: And here is one of Rupert’s hacks, the political editor if Sky News, extolling the wonders of technology and journalism.
When the producer called, it’s clear they had an angle in mind: citizens’ journalism vs. professional journalism. They asked for stories in which I’d gone up against big media. I told him that’s not the story now. I said the real story is how, with citizens’ help, journalism can and must expand with new ways to gather and share news. I said I’d seen a change in the last year, with professional and amateur journalists coming closer together to this realization.
They came to do the interview and we talked about a lot of the stuff you read here, like this, and this. But they didn’t use that, apart from one line about news not being finished when we print it, which is actually a line about Dan Rather.
Then we changed the setting to shoot the b-roll, the stuff that makes the pros pros in old-style news. Diggnation doesn’t have no stinking b-roll.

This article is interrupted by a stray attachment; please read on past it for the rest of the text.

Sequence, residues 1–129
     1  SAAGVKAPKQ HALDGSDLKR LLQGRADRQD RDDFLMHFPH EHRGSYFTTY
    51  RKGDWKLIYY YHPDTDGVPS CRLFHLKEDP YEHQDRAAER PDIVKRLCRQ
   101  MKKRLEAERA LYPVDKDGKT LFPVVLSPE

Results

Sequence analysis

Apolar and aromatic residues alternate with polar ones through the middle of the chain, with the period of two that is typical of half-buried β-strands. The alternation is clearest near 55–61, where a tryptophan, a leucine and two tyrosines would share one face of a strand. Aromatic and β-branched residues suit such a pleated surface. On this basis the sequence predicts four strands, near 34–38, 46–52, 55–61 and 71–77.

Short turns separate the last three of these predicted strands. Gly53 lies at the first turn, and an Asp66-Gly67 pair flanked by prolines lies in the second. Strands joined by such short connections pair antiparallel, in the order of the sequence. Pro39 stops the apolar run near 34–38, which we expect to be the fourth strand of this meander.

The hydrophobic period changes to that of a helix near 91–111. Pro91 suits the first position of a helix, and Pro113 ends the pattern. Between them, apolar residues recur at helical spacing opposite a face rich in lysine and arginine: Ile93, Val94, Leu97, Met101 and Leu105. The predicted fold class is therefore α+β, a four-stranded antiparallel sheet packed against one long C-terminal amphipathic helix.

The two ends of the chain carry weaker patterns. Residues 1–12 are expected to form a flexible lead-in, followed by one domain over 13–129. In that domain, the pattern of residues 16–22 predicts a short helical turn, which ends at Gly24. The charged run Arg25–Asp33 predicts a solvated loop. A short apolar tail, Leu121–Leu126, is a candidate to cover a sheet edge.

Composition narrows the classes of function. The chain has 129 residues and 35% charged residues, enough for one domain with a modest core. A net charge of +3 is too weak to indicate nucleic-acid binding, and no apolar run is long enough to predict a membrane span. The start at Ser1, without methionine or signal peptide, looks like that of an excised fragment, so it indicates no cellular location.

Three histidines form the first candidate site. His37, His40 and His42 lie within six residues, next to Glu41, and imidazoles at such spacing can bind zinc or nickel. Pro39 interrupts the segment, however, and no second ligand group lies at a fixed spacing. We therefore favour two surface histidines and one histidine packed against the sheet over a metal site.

We stood in a colleague’s office and, with my laptop in hand, they asked me what I wrote about. I listed a bunch of posts, including this one, where I take Ted Koppel and Aaron Brown to task and I said that.
That ended up in the finished piece: me v. the big guys, it seemed. That fit the story they wanted to do, the one they started with: citizens v. professionals.
And the correspondent asked whether I got mad at the big-media folks with whom I so recently worked. I mocked the question and gave him a look you can’t see as I said, no, I merely get disappointed sometimes.